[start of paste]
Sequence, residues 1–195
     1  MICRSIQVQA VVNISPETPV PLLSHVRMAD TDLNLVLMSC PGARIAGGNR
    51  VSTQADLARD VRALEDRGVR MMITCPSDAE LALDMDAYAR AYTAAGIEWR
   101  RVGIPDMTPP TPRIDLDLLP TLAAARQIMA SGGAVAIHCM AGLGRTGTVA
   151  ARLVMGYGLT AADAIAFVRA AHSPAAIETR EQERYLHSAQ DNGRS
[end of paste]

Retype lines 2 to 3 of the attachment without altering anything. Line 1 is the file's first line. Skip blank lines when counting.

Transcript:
     1  MICRSIQVQA VVNISPETPV PLLSHVRMAD TDLNLVLMSC PGARIAGGNR
    51  VSTQADLARD VRALEDRGVR MMITCPSDAE LALDMDAYAR AYTAAGIEWR